Later knowledge led St. John to say, 'This he said, not that he cared for the poor; but because he was a thief, and had the bag, and bare what was put therein.' But at the time he may have shared the feeling of the others. The covetousness of the betrayer may have been quite concealed by his judicious charity; Mary's act may have been measured by his rules. If it were so, John and his fellows showed that there was in them that mind which was rapidly becoming the only mind in Judas. It might become victorious in them; it might be overcome in him. This perhaps was a very critical moment in their lives. Mary's act was essentially a woman's act. No man would be commended for it; a man who imitated it would not be doing what he could, but attempting awkwardly to do what he could not. To rough men, therefore, it was a trial to understand her and sympathise with her. They had need to pass through many hard processes themselves — to be purged of the covetous spirit, — to be under the guidance of a Spirit who was not yet given, — before they could enter into the worth of services which they were not called to perform, before they could judge them by their origin, not by their immediate results, before they could see what a force love may put into symbols, and how that force may be felt from generation to generation by the humble and meek, whom words and notions affect very little.
But there was one who knew Mary's meaning not only better than they knew it, but better than she knew it. 'Then said Jesus, Let her alone: against the day of my burying has she kept this. For the poor always you have with you; but me you have not always.' What the day of His burying was, must have been unintelligible to the disciples generally; but the reference to it, and to a time when He should not be with them, may have had a solemnising effect upon them; they will have been less ready to judge, more inclined to honour those whom He honoured. Mary may have divined a little more of His meaning. The thought of His burial might perplex her. But it could not cause her despair. She knew that a body which had lain in the grave four days had been safe there. Surely some anointing, better than hers, would keep His body if it was laid in any tomb. In her the instinct of love made the thought of death and sacrifice, however wonderful, not incredible. On Judas it is evident that the sight of Mary's devotion had a withering effect. First, it led him to hypocritical professions about the poor, that he might persuade himself he had some benevolent feelings; then, when Christ drove him from this ground, — when he was reminded that he might always help the poor if he chose, — a conscious hatred against goodness began to unfold itself in him. He went away from that feast a traitor in heart, prepared to accomplish the prophecy that Jesus had uttered concerning Himself. He was to be present at one more feast, — to take one more sop, — then all would be dark within him.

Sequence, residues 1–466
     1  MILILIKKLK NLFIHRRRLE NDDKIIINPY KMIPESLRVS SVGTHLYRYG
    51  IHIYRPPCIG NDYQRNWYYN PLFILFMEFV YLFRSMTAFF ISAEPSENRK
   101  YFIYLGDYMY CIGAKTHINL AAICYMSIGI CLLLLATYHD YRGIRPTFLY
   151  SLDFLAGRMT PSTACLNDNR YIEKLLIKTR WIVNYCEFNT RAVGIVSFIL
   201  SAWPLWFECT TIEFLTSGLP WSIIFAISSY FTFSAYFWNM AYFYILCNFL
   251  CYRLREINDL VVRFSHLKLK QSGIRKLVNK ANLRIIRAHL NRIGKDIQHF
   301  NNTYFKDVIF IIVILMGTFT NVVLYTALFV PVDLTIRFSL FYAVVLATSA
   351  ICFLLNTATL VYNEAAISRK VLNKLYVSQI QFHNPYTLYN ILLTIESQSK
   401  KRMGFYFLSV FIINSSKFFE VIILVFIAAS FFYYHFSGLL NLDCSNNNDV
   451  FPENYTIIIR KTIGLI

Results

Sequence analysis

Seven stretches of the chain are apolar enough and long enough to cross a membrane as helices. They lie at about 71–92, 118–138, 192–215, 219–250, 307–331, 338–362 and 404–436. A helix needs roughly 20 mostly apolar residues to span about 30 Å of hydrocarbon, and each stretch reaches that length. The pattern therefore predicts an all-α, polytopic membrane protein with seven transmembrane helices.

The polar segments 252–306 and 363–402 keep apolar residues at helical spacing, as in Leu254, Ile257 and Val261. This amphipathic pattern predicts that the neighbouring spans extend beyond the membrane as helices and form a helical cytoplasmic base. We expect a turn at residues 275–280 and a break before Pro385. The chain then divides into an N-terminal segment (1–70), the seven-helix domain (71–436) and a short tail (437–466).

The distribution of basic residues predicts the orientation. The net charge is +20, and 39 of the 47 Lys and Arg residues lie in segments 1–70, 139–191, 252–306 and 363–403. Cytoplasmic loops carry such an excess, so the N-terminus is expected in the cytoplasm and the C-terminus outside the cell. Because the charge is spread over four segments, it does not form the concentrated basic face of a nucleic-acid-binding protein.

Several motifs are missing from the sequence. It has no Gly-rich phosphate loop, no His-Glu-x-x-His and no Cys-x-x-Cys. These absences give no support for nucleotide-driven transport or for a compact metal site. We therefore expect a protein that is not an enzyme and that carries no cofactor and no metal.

The Evangelist leaves a strong impression upon our minds of the hurry and confusion in Jerusalem at that feast; the curiosity of the people to see Jesus and to see Lazarus; the questionings of the council whether the excitement could be removed without the death of both; the half-formed thought, which might soon take shape and lead to some act, that perhaps the king was among them after all. And then follows the story of the entrance into Jerusalem, which is told at less length than in the other Evangelists; but to which there are two additions that are worthy of note. St. John quotes, as St. Matthew has done, the prophecy of Zechariah: — 'Your king comes, meek, and sitting upon an ass:' and then adds, 'These things understood not His disciples at the first: but when He was risen from the dead, then remembered they that these things were written of Him, and that they had done these things to Him.' The illumination of his own mind, and of the minds of his fellow Apostles, respecting the sense and connection of the Scriptures, — how they learned to connect with Him the descriptions of a King reigning in righteousness, which the Old Testament contained, — how the resurrection from the dead identified Him as the fulfiller of them, — how it linked His relation to God with His relation to man, — this we learn more clearly from St. John than from all the other apostolical writings. They take the matter, in a certain degree, for granted; he enables us to see the process of it. I have spoken of this subject in considering the passage, — 'The zeal of your house has eaten me up.' The more we meditate upon it, the more, I believe, we shall be able to trace lines of thought running through the Old Testament, by which the formal critic is puzzled, — the more we shall find how little the word written in letters could profit, if the Living Word did not expound it to the heart and reason, — the more we shall be sure that the laws which governed men in the old time are those which govern us; that we must have the same Teacher as they had; or that while we seem to know everything we shall know nothing.